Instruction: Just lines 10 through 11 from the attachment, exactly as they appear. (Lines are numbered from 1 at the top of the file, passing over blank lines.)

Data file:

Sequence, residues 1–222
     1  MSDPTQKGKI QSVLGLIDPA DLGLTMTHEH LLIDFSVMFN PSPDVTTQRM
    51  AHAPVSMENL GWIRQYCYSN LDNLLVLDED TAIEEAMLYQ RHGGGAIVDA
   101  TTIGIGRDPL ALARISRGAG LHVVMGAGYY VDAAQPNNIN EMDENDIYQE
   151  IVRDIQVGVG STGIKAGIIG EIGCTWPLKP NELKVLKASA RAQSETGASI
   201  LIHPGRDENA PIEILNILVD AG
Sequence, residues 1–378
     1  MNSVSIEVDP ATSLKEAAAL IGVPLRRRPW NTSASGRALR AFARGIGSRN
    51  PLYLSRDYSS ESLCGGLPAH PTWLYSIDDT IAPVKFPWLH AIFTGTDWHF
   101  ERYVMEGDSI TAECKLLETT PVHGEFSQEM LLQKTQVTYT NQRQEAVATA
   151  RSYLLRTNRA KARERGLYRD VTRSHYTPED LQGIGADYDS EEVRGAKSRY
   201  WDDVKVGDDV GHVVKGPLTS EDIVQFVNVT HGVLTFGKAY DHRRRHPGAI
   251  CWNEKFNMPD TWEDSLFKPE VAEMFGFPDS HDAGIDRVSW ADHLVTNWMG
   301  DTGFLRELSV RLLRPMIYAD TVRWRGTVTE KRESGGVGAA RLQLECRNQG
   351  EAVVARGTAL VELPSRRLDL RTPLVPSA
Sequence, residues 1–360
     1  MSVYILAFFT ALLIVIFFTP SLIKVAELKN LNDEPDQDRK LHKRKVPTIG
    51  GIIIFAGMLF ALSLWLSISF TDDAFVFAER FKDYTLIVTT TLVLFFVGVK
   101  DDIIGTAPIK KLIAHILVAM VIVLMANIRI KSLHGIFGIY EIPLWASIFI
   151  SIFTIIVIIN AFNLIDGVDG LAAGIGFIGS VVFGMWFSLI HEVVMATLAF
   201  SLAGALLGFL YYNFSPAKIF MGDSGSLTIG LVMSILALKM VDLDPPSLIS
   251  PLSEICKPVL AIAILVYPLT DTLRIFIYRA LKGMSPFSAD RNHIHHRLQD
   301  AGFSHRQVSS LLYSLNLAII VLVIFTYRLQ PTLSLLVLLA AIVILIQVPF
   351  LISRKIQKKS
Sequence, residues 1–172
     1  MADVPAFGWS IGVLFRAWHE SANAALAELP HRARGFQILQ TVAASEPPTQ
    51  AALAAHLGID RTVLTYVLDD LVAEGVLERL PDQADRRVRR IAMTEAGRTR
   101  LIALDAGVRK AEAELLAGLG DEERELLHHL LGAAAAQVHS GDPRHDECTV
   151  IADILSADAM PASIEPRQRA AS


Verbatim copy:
   101  ERYVMEGDSI TAECKLLETT PVHGEFSQEM LLQKTQVTYT NQRQEAVATA
   151  RSYLLRTNRA KARERGLYRD VTRSHYTPED LQGIGADYDS EEVRGAKSRY